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Is ownership a human right?

Posted By Ruth Lewis, Friday, September 27, 2019

Ruth Lewis a member of our Emerging Fellows program evaluates ownership as a human right in her ninth blog post. The views expressed are those of the author and not necessarily those of the APF or its other members.

 

Every minute of every day data about us is created, collected and stored somewhere. As more and more of the goods and services that we use every day become digitised, it is inevitable that the service providers and their downstream supply chains will want information about their customers (or potential customers), so that they can ‘service you better’, or create a supply-driven market-place. Our liberty to live the lives that we choose is scrutinised and forecast to drive demand, and thus supply. Who owns this data that is created and collected about you? Is it the service provider? Or should it be the ‘data subject’, the person about whom the data is collected?

 

There are rules and interpretive algorithms set up around the data, but have you stopped to consider what if these systems could be wrong, that the data is flawed? That the data does not really describe what you want or believe in, or what you want to do? And after you die, your digital representation may live on well after your death, like a digital Henrietta Lacks.

 

Our data selves live a shadow life that resides within the world’s data warehouses, often located far away from where we live. Economic decisions were made to locate our data there, and often our data selves are traded between various companies for a fee, so that they can get to know us too – or their representation of us. However, that is where human values and the freedom of the individual, and economic value sharply collide. Because ‘human values’ and ‘liberty’ are only considered where legislated imperatives such as the European Union’s General Data Protection Regulation are in operation, which forces the user of the services to explicitly consent to their data collection and storage, and the service provider to have some accountability for collection of private information.

 

How can human value and human values be used to protect our shadow selves that exist in the internet’s servers and data warehouses of the world? Only by thinking about data as part of ourselves, and valuing it with the same care. We, as consumers of digitised services, should and must demand that our shadow selves be given the same digital rights as our human selves. We must be able to trust that the representation of ourselves is shown in truth, and is not abused or compromised.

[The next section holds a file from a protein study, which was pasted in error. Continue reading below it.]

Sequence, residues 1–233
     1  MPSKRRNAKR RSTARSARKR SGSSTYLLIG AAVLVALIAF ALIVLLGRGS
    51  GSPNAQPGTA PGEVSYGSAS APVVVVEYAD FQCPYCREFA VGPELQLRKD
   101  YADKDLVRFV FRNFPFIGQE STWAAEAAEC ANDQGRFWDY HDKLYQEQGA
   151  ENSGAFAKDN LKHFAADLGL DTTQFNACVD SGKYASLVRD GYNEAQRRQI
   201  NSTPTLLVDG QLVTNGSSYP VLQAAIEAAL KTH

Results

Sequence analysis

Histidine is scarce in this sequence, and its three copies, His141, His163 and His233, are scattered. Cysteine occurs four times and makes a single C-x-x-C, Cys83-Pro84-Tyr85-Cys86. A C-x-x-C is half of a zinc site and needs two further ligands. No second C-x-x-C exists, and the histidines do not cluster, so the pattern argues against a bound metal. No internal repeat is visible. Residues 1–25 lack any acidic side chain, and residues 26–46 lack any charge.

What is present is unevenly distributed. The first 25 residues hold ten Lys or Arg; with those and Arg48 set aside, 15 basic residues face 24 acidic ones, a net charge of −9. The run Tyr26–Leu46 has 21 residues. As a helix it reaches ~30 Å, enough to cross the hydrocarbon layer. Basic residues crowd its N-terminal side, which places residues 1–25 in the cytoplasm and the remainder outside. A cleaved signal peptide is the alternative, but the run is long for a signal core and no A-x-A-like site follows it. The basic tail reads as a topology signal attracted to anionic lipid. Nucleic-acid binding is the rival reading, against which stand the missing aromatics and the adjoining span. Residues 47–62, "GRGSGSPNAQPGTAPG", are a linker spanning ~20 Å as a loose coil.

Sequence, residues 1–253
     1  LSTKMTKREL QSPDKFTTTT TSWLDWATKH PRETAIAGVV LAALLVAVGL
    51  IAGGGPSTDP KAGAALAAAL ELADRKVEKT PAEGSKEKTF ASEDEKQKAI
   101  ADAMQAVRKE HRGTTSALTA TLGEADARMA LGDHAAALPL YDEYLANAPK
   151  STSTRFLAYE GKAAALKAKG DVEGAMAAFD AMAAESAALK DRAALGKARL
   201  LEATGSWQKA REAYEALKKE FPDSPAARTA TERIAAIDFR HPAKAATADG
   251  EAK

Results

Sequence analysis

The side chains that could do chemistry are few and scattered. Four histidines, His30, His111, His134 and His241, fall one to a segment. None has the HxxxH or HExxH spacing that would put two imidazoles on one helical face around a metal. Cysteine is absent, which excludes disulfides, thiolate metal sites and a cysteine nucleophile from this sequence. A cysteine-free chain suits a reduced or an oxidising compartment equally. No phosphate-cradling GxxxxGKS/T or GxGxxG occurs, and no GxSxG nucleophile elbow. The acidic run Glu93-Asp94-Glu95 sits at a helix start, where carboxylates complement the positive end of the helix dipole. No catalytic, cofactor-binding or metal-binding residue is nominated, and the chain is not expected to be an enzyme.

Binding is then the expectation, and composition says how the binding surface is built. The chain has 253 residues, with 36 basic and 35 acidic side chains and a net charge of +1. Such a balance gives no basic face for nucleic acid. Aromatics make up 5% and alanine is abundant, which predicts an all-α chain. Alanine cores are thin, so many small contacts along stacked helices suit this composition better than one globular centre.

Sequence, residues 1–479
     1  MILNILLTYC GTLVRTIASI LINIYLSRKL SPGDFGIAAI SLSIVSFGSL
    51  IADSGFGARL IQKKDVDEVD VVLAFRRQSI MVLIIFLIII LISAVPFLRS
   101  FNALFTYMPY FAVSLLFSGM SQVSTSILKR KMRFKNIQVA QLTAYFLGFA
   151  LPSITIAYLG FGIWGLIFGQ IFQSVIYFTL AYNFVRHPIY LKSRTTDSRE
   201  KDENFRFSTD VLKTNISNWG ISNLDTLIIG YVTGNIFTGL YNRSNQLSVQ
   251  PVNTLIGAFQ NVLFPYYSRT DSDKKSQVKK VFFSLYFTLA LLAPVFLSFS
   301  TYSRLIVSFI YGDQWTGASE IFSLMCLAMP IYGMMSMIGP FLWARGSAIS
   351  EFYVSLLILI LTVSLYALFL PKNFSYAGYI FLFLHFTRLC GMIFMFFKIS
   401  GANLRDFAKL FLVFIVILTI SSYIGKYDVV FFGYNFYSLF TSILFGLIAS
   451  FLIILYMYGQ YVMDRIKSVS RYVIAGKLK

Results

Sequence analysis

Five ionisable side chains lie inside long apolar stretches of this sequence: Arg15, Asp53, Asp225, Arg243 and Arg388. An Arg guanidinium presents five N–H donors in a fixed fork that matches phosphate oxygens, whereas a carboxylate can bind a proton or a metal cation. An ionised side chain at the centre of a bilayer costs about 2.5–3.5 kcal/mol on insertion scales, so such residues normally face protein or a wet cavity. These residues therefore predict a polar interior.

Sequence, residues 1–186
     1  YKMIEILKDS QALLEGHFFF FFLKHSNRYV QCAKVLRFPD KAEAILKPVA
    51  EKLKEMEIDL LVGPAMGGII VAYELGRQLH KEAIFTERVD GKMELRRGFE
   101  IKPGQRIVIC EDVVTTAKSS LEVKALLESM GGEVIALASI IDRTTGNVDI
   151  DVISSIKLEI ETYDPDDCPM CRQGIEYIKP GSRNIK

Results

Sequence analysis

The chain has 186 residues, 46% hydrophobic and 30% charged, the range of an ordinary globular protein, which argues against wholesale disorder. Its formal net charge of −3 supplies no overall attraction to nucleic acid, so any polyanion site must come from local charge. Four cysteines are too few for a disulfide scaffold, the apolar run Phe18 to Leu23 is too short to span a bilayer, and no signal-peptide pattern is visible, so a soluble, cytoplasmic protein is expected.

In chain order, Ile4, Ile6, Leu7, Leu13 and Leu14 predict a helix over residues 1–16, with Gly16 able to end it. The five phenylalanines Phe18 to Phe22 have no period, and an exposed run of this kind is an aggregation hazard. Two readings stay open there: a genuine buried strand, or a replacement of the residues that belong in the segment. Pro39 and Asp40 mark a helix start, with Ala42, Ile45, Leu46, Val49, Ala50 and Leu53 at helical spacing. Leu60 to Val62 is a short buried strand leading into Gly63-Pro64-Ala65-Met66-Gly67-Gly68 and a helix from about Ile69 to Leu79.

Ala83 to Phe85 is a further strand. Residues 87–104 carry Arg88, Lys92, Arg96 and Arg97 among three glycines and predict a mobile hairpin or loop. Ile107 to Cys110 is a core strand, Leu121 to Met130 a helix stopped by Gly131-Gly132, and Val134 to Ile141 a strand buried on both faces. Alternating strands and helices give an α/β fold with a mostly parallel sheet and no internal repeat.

This assurance should be the noble principle on which to base our aspirations for a better future.

 

In the future, could each of us fully embrace the online world, and create and own a digital avatar existing in cyberspace? A representation of our own personal human values, beliefs and thoughts that we are willing to share with others, and more importantly, owned and controlled by us? Could our digital agent be entitled to the human rights law under codified International Law? Could we use this personal image to ‘play’ with futuristic representations so that we can build a better world together? To try out different economic, governance, legal, technology and social structures through a range of scenario building, in much the same way as online gamers try out different virtual worlds? Perhaps this could create participative governance, citizen engagement and dialogue, as well as resultant political structures to promote the common good for society.

 

How would we then protect our own personal avatar from the creeping tendency for governments and corporations to undermine human rights to privacy under the guise of cyber security, ‘for the purpose of securing morality, public order and general welfare’?

© Ruth Lewis 2019

Tags:  ownership  right  value 

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Can resources own themselves?

Posted By Tim Morgan, Tuesday, September 24, 2019

Tim Morgan inspects the ownership of resources by themselves in his ninth blog post for our Emerging Fellows program. The views expressed are those of the author and not necessarily those of the APF or its other members.